I am employed by a busy estate agent office in Rotherhithe where we see a few leasehold sales put at risk as a result of short leases. I have been given conflicting advice from local Rotherhithe conveyancing firms. Please can you confirm whether the vendor of a flat can initiate the lease extension formalities for the buyer?
Provided that the seller has been the owner for at least 2 years it is possible, to serve a Section 42 notice to start the lease extension process and assign the benefit of the notice to the purchaser. The benefit of this is that the proposed purchaser can avoid having to sit tight for 2 years for a lease extension. Both sets of lawyers will agree to form of assignment. The assignment needs to be completed before, or at the same time as completion of the disposal of the property.
An alternative approach is to extend the lease informally by agreement with the landlord either before or after the sale. If you are informally negotiating there are no rules and so you cannot insist on the landlord agreeing to grant an extension or transferring the benefit of an agreement to the purchaser.
I am the proprietor of a second floor flat in Rotherhithe. Given that I can not reach agreement with the freeholder, can the Leasehold valuation Tribunal determine the premium payable for the purchase of the freehold?
Where there is a absentee freeholder or if there is disagreement about what the lease extension should cost, under the relevant statutes it is possible to make an application to the LVT to arrive at the premium.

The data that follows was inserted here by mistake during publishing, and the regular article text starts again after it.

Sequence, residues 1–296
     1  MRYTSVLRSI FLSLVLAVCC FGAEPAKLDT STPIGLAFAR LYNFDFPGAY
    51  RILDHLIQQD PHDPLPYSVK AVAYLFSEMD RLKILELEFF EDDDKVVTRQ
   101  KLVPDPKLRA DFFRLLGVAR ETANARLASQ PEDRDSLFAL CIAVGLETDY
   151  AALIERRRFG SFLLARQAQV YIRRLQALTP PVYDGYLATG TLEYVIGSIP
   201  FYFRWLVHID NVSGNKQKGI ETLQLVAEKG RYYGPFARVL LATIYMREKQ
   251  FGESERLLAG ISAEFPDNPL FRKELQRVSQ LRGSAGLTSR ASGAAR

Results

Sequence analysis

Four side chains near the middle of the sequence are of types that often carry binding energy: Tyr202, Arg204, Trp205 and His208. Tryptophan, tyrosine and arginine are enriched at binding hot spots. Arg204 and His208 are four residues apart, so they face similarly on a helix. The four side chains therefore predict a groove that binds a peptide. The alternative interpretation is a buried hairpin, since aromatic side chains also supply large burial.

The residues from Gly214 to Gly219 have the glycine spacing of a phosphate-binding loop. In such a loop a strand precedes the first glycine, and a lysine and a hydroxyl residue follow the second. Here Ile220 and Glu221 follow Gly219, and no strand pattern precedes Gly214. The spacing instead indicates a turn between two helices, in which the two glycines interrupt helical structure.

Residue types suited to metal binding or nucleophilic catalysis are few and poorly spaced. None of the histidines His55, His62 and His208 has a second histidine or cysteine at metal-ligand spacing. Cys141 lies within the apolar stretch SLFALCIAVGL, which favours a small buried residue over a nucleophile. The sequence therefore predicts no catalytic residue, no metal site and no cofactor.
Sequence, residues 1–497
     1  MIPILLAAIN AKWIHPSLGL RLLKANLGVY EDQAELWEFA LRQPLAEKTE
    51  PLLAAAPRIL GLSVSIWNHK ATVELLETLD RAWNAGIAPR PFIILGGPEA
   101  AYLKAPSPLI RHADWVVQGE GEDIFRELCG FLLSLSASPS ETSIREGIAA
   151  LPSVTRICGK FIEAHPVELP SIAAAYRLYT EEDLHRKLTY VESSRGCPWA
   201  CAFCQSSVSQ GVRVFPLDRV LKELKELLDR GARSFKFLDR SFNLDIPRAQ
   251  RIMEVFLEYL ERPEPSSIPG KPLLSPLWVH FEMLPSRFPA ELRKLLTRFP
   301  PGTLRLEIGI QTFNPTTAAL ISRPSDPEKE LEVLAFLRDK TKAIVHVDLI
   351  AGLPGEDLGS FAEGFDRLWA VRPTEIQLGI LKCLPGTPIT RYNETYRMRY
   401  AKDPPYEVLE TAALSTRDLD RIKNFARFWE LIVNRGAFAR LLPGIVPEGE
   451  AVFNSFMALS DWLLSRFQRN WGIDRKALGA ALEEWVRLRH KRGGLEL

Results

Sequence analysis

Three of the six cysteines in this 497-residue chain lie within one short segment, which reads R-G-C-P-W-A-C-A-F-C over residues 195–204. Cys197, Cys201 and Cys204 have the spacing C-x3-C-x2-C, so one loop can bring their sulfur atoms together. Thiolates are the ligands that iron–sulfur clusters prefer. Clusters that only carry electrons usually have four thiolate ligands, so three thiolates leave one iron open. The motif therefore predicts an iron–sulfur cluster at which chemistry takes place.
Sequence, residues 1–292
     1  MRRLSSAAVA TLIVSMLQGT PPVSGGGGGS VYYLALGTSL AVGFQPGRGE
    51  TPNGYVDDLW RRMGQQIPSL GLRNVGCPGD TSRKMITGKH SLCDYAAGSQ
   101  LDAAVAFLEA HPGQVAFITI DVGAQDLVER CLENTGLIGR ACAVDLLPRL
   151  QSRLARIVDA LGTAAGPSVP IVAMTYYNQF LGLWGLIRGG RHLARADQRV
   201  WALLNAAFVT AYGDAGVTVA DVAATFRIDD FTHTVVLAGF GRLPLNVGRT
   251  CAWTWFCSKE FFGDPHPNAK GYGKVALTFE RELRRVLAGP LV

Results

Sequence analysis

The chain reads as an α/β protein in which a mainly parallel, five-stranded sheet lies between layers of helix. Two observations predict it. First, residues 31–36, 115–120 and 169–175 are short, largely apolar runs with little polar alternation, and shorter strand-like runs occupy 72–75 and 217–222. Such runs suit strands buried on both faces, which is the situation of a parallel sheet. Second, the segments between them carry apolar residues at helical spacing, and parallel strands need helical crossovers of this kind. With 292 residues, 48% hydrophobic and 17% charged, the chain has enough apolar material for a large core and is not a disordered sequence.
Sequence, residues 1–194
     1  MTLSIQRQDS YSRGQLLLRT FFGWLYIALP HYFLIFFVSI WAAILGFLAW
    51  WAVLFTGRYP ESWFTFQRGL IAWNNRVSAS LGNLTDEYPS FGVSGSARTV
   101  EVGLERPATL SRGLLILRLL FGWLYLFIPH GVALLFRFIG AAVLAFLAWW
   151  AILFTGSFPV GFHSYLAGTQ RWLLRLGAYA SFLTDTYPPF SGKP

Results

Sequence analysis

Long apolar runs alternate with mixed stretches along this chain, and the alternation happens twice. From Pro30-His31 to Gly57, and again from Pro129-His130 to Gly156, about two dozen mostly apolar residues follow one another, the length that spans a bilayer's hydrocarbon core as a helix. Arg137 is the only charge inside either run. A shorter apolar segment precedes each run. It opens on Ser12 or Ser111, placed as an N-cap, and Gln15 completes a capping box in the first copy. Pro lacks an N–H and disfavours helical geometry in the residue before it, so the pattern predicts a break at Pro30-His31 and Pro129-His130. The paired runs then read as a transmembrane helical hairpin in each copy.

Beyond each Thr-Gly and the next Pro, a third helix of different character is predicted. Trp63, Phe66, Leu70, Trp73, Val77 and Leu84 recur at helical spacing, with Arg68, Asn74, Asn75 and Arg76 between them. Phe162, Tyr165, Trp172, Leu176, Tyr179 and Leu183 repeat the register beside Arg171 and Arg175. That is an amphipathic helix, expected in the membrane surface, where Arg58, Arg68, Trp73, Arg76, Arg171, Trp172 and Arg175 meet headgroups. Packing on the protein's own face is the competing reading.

An example of a Freehold Enfranchisement matter before the tribunal for a Rotherhithe flat is 12, 14 & 16 Hull Close in May 2010. the Tribunal determined that the premium payable for the acquisition of the freehold to the subject premises was the sum of £18,300 This case was in relation to 3 flats. The the unexpired residue of the current lease was 101.61 years.
What makes a Rotherhithe lease problematic?
There is nothing unique about leasehold conveyancing in Rotherhithe. All leases are individual and legal mistakes in the legal wording can result in certain clauses are not included. For example, if your lease is missing any of the following, it could be defective:
- A provision to repair to or maintain parts of the building
- Insurance obligations
- A provision for the recovery of money spent for the benefit of another party.
- Service charge per centages that don't add up correctly leaving a shortfall
A defective lease can cause problems when trying to sell a property as they can affect a potential buyer’s ability to obtain a mortgage. Barclays , Skipton Building Society, and Clydesdale all have express requirements when it comes to what is expected in a lease. If a mortgage lender believes that the lease is defective they may refuse to grant the mortgage, forcing the purchaser to withdraw.